• Percutaneous closure of aortic anastomosis leak (AAL) after frozen elephant trunk (FET) procedure could be performed safely with a high success rate and a low incidence of complications.
What is known and what is new?
• AAL after FET causes false lumen patency and a poor prognosis of aortic dissection.
• The magnitude of benefit is greatest with AAL reduction to mild or minimal, which the false lumen of aortic dissection decreases quickly.
What is the implication, and what should change now?
• Percutaneous closure is an alternative therapy for patients with AAL after FET procedure.
The frozen elephant trunk (FET) technique is an effective surgical repair for acute and chronic aortic dissections (1-4). The covering of proximal tears in the descending aorta through an FET stent-graft induces false lumen thrombosis and promotes satisfactory aortic remodeling (5). However, proximal aortic anastomosis leak (AAL), which is defined as a shunt originating from the aortic lumen through the suture dehiscence between the FET stent-graft and the native aorta, occurs in 4.3% patients after the FET procedure (6,7). This complication causes false lumen patency and a poor prognosis of aortic dissection, which should be corrected early. Surgical repair is a standard therapy for AAL but is associated with high morbidity and mortality (8,9). Therefore, percutaneous AAL repair has emerged as an alternative therapy for patients with AAL. A few smaller studies have reported different endovascular strategies for AAL lesions (10-13).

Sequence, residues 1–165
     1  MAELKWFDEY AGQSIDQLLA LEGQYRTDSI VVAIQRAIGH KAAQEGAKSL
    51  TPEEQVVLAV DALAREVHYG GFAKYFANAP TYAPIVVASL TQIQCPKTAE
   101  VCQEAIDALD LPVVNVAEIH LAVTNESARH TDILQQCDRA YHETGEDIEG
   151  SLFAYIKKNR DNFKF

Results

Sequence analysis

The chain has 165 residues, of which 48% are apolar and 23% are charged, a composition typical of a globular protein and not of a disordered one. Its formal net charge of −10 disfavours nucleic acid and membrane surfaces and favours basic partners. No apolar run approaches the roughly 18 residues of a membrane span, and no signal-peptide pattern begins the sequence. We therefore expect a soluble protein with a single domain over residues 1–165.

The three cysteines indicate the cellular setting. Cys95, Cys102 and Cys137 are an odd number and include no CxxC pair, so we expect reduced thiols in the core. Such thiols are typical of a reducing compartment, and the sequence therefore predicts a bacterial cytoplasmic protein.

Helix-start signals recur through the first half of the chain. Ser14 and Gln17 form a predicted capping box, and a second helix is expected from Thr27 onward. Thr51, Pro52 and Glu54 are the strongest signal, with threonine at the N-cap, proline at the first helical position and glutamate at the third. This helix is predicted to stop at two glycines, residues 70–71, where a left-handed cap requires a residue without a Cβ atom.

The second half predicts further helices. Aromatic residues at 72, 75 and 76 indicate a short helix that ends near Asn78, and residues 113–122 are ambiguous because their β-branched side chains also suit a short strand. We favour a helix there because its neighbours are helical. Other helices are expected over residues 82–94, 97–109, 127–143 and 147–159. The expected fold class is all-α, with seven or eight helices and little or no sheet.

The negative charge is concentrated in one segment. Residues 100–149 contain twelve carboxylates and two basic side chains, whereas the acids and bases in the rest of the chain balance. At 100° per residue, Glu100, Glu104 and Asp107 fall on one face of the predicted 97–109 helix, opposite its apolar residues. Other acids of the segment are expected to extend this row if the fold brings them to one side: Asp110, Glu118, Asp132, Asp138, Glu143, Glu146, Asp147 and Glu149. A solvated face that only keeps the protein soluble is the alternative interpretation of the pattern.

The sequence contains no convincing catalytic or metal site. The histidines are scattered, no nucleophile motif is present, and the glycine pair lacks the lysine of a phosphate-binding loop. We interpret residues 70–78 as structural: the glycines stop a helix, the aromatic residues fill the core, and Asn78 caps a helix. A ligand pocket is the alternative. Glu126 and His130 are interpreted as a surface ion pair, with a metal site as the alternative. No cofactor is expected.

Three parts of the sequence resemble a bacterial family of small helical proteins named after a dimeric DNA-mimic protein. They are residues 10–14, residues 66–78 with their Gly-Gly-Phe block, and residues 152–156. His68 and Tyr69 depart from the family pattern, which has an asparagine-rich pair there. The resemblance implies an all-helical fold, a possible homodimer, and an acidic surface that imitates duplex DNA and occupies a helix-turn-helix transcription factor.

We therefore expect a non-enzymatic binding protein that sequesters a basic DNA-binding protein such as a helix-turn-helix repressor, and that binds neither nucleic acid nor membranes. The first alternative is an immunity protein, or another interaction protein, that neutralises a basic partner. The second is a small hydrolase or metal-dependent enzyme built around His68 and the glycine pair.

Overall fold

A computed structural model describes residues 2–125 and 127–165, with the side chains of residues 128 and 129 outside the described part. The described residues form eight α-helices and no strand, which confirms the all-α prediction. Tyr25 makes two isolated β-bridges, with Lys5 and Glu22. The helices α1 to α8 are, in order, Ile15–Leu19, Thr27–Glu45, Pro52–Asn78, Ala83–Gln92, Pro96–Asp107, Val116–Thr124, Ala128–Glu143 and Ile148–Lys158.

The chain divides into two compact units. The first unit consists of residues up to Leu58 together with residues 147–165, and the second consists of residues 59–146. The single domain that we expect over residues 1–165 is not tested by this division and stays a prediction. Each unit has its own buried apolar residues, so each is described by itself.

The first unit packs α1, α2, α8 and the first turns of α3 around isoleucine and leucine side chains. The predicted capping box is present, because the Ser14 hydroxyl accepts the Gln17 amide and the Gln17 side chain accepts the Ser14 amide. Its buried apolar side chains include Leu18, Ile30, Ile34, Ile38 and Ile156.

Percutaneous AAL closures using various devices have been attempted at our center. We assumed that AAL closures could be achieved with high success rates and would improve the clinical outcomes of the aortic dissection (14). In this study, we report our techniques and outcomes of percutaneous closures of AALs in patients who underwent FET procedures for aortic dissections. We present the following article in accordance with the STROBE reporting checklist (available at https://jtd.amegroups.com/article/view/10.21037/jtd-22-1092/rc).
The study was conducted in accordance with the Declaration of Helsinki (as revised in 2013) and was performed with the approval of Beijing Anzhen Hospital Institutional Review Board (approval No. 2022216X). Informed consent was obtained from all patients included in the study. Records were analyzed for each patient that underwent percutaneous AAL closure after an FET procedure for aortic dissection between January 2016 and December 2020. The indication for an AAL closure was the leak inducing false lumen patency of aortic dissection after the primary FET procedure, which was identified based on an aortic computed tomography angiography (CTA).
Percutaneous AAL closure technique